Rock It: Was Beyonce right to lip-sync national anthem?

Posted on November 14, 2013

0


Rock It: Was Beyonce right to lip-sync national anthem?

Beyonce sings the national anthem at the ceremonial swearing-in at the U.S. Capitol during the 57th Presidential Inauguration in Washington, Monday, Jan. 21, 2013. (AP Photo/Pablo Martinez Monsivais) / AP

Beyonce sings the national anthem at the ceremonial swearing-in at the U.S. Capitol during the 57th Presidential Inauguration in Washington, Monday, Jan. 21, 2013. (AP Photo/Pablo Martinez Monsivais) / AP

Byline: Rachael Mattice

Beyonce has gained the adoration of fans as one of the most powerful voices in music and runs the world of female pop stars with enticing dancing and an utterly flawless GQ cover look.

One would think a woman of this virtuosic stature could perform in front of any audience, taking on any amount of pressure, including being invited to sing the national anthem at President Barack Obama’s second inauguration Monday.

At a formal political event, why would you dare lip-sync the song?

With professional entertainers being caught lip-syncing during supposed live performances time and again, faking a significant and emotionally charged song such as the national anthem in front of the leaders of the United States seems downright idiotic.

Was she required to do this by producers because it was a high-pressure event with several variables to consider? Was the single-digit temperature too low that even a powerhouse such as Beyonce didn’t want to risk an embarrassing screech or voice crack?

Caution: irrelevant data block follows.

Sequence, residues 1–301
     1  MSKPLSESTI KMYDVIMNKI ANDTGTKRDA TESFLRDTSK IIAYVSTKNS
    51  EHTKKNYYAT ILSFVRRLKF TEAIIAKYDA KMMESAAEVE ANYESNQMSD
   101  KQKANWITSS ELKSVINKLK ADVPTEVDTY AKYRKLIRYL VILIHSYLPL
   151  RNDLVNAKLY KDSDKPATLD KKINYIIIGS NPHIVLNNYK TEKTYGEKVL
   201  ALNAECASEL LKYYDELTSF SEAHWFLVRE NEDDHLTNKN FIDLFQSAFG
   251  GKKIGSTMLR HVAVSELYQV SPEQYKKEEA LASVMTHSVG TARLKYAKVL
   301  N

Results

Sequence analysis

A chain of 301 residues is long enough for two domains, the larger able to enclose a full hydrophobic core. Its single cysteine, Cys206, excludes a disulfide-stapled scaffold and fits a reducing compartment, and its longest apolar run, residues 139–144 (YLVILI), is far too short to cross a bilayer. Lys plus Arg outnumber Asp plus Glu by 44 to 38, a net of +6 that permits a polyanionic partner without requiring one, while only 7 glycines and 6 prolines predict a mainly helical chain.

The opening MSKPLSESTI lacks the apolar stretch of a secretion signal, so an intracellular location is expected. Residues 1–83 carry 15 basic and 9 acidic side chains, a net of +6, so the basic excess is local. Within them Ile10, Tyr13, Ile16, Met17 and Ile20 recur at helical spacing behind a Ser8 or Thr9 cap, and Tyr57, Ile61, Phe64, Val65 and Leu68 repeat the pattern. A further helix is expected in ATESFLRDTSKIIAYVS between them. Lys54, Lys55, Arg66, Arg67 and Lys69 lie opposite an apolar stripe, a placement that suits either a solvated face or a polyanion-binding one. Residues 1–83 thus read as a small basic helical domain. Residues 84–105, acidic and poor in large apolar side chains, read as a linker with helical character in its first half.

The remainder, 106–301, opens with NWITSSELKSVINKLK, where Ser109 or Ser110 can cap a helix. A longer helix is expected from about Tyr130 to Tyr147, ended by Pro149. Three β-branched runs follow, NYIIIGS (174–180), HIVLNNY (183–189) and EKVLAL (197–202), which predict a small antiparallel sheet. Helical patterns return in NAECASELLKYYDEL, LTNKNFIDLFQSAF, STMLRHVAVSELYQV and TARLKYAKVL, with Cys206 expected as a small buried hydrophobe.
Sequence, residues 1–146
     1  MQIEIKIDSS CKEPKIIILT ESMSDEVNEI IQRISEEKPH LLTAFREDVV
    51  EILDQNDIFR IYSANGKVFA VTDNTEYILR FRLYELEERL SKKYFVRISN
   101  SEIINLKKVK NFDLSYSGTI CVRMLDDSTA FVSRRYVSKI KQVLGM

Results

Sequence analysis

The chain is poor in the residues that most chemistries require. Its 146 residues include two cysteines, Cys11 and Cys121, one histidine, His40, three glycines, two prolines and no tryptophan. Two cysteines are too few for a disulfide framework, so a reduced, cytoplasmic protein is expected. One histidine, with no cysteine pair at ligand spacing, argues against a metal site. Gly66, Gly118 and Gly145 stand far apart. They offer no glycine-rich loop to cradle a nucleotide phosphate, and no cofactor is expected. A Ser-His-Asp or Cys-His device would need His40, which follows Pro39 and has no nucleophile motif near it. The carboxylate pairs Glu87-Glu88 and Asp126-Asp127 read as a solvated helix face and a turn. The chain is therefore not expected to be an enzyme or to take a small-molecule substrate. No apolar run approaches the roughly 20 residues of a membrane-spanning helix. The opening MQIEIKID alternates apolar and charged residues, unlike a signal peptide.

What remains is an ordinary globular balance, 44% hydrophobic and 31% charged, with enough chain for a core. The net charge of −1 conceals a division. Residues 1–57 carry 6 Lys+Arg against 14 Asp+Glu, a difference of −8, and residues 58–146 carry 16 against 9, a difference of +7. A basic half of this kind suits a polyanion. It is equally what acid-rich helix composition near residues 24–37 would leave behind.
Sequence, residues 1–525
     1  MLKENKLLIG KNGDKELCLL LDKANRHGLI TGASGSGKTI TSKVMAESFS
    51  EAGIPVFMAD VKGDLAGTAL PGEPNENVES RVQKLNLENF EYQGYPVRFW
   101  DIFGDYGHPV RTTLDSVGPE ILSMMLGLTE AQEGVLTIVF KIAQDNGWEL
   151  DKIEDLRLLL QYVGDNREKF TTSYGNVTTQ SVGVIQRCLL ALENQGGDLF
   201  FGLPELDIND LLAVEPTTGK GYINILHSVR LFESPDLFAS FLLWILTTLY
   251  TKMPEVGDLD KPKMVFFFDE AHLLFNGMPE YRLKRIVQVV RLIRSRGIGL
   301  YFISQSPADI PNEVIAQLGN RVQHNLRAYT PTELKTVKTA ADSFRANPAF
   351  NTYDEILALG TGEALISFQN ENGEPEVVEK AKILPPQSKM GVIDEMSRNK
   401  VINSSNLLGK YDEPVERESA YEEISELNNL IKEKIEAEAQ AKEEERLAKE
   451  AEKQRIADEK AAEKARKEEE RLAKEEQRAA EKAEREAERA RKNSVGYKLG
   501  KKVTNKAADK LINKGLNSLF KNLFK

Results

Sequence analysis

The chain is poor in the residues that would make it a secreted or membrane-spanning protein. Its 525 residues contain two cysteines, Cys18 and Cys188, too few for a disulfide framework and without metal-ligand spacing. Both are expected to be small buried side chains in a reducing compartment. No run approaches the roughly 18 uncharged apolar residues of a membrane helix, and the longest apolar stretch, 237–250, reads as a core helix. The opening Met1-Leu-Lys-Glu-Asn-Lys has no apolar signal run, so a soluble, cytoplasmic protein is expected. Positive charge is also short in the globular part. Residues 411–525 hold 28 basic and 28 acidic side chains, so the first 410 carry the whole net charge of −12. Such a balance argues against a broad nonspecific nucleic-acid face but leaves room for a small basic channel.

Both of these excuses are relevant, but does that still make it acceptable?

Like other invited guests Stevie Wonder, Kelly Clarkson and Alicia Keys, Beyonce and her husband, Jay-Z, are huge Obama supporters. But unlike Beyonce, they all sang live at inauguration events.

People may argue that Jennifer Hudson’s lip-sync of the national anthem at the 2009 Super Bowl is just as unforgivable, or Ashlee Simpson’s screw up on “Saturday Night Live” was a career killer, but if it is a musician’s job to sing live in front of audiences, why even accept the job at all?

Backup music doesn’t necessarily give her leeway either, as stars such as Madonna, Michael Jackson and Britney Spears were known for dance-intensive, energetic performances and were expected to lip-sync. The difference, however, was a focus on the entire show and theatrics, not a spotlight on vocals.

Even if Beyonce knew she would be scrutinized for faking the national anthem, it must have been a lesser evil than risking the possibility of her voice cracking in the cold. But that would have demonstrated her raw humanity, side-by-side with Clarkson, who completed her song beautifully.

Just as an athlete would be stripped of titles for doping, cheating by lip-syncing shouldn’t be tolerated in the music business Beyonce works in. A flawed live version would have been more genuine than a perfect recorded one.

Mattice is a producer and music journalist for the Journal & Courier. She can be reached on Twitter @RachaelM_JC.

Advertisements
Posted in: "Rock It" Column